“Congo Great Lakes Initiative was set up with the full support of Migrants Organise. Since day one, we have gone places, organising amazing exhibitions, with incredible and successful projects that have seen international leading institutions such as Cambridge University, University College London and Royal Geographical Society working in collaboration with us. Through Leadership Academy training sessions, we have been able to organise our community in a way that allow them to make their voice heard. This support has been unique and we are very grateful for all the support from Zrinka Bralo and her team.”

Thiru (refugee from Sri Lanka and volunteer)

“I had to leave Sri Lanka and seek safety in the United Kingdom. When I arrived, I was lost, overwhelmed by the complex asylum system. Migrants Organise was like a lighthouse that sent me rays of hope. I started out as a mentee in the Mentoring Programme. Migrants Organise paired me up with a Mentor–a volunteer from the community who spent several hours in the week with me, helping me improve my conversational English, helping me fill in forms, helping me find housing and reassuring me that I was not completely alone. 

I am now a student, working part-time and volunteering at Migrants Organise. They were with me all the way in my struggle to gain refugee status. I was in a very difficult situation once, I would also like to help other people in the same situation move forward and rebuild their lives.”

Bashar (asylum seeker from Syria and volunteer)

“I came to Migrants Organise first time in December 2013 seeking legal advice about my immigration situation. At that time I was giving up on everything, lost everything back home in Syria because of the war, a single father with two little daughters, one of them nearly dying in hospital and thousands of miles away from anyone I know. I left that day thinking that I might not hear from them again but after a few days I received a call from Francesca asking about me, how I am and how my daughters are, she invited me to join the activities in Migrants Organise and to contact them if I need any sort of help and that was the start. I joined as a lonely Syrian refugee who needed help and had given up but I ended up as a volunteer who help others not to give up. After 3 years in the UK I am still fighting to get my refugees status but I am not scared any more, I have a family here.”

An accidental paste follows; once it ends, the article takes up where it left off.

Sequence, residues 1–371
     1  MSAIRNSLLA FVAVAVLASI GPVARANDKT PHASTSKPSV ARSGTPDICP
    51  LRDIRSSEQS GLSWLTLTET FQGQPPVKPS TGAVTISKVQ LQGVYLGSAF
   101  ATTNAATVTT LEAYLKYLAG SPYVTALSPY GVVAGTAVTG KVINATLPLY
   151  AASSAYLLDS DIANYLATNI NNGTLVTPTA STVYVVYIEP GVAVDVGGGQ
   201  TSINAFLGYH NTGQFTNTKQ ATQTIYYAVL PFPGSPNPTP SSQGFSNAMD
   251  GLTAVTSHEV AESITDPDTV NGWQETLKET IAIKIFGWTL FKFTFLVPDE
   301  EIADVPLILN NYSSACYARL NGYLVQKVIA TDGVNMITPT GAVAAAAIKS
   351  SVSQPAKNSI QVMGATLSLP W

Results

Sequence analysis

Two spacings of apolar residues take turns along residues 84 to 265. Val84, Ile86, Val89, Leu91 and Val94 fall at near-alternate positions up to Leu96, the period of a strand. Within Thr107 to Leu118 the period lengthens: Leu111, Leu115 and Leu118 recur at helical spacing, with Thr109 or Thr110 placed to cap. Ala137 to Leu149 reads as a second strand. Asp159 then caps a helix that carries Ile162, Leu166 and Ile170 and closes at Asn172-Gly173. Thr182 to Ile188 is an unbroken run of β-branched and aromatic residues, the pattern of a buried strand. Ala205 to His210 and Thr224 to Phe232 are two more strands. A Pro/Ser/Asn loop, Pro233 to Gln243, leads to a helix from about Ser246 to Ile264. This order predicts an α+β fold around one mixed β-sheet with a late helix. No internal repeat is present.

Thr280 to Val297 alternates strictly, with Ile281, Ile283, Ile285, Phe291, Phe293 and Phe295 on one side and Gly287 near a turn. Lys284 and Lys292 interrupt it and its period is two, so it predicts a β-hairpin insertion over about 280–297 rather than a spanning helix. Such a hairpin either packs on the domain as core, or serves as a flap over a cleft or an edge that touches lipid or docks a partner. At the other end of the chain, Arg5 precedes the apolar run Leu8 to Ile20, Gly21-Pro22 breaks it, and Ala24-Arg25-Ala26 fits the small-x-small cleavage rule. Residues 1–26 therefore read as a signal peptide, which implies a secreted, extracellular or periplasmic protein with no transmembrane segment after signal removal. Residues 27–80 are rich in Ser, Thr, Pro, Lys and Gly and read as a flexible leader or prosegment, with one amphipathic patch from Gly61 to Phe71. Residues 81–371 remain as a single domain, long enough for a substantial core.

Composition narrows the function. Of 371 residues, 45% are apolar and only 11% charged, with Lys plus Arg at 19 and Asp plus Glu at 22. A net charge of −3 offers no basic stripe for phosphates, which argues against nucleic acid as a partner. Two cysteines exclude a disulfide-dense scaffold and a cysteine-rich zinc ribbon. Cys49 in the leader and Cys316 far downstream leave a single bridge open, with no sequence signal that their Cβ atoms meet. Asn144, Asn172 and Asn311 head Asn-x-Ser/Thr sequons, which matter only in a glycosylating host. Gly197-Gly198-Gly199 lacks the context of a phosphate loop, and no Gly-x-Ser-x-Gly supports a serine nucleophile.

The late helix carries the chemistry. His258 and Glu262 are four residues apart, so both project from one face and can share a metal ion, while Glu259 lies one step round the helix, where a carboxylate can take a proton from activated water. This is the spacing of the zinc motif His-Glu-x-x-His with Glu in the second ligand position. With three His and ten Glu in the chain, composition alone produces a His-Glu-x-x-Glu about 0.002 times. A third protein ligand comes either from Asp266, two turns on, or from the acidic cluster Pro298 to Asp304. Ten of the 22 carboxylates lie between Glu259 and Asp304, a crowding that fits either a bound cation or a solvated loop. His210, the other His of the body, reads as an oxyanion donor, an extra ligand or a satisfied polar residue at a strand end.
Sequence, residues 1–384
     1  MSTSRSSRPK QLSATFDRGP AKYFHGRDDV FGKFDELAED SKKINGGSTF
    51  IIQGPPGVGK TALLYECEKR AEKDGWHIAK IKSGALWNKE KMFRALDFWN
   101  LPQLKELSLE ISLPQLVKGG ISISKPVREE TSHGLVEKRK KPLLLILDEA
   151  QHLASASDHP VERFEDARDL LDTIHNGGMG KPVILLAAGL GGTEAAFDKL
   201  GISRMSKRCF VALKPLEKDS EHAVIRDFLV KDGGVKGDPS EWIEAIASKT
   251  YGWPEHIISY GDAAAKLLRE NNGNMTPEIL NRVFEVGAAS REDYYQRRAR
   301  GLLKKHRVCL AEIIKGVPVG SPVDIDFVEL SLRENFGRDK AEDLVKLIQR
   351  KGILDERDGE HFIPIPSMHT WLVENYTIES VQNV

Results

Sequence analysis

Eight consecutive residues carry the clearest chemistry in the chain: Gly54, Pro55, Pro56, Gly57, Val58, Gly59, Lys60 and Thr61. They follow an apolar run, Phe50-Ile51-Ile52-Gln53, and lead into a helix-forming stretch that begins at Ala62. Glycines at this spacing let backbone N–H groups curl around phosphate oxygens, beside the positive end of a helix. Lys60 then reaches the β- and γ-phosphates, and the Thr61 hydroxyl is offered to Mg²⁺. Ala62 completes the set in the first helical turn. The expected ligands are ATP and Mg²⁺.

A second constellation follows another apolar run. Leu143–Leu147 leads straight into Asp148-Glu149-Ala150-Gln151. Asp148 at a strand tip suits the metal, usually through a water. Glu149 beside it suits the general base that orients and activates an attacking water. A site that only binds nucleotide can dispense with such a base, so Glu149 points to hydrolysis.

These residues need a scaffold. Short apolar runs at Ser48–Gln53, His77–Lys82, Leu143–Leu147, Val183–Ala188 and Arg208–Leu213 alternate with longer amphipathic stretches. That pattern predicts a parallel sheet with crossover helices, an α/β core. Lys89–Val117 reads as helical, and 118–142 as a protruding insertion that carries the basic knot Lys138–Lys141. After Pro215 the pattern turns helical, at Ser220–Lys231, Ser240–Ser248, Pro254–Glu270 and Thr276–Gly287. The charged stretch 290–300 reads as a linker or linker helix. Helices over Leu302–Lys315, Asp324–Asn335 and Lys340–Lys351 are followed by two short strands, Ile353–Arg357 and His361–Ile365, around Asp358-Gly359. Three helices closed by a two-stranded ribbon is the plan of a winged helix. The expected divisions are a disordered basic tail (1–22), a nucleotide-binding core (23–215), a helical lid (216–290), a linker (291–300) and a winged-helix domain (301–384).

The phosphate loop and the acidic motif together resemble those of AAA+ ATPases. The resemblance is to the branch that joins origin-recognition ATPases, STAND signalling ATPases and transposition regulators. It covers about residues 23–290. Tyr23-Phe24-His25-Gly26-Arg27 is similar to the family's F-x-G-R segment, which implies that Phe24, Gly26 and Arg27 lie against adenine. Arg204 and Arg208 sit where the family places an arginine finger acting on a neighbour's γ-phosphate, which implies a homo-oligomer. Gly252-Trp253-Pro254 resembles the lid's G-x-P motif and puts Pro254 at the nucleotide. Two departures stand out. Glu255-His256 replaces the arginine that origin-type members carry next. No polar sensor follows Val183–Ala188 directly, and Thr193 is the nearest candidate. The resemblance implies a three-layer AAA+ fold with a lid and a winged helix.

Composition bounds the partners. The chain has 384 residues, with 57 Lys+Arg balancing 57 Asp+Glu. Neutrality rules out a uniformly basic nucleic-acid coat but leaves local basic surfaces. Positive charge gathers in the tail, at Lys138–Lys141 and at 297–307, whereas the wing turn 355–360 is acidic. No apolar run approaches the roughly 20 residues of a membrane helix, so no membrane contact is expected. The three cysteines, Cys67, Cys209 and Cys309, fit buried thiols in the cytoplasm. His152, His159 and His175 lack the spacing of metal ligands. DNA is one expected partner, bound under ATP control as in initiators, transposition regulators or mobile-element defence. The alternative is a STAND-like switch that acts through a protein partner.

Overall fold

Zrinka Bralo, CEO of Migrants Organise, herself a refugee from Bosnia said:

“We are very grateful that the work of so many good people, who do good work quietly, has been recognised by this highest award from the Queen. Last year we had nearly 240 volunteers who contributed to our work. Without them we would not be able to support vulnerable people who they mentor, we would not be able to provide English or Sewing classes, we would not be able to organise Refugee Welcome in West London boroughs, we would not be able to provide legal advice and representation or even run our office. More importantly, volunteers create an atmosphere and culture of welcome for people who are very isolated and often struggle to find their place in the new country. 

We are very grateful to all our funders and people who make donations, but through their contribution in kind, but we are especially grateful to all our volunteers who double our impact, which is impossible to measure in monetary terms, but if we tried – if we were to calculate hours that they contribute at the Living Wage rate, they would double our income too.”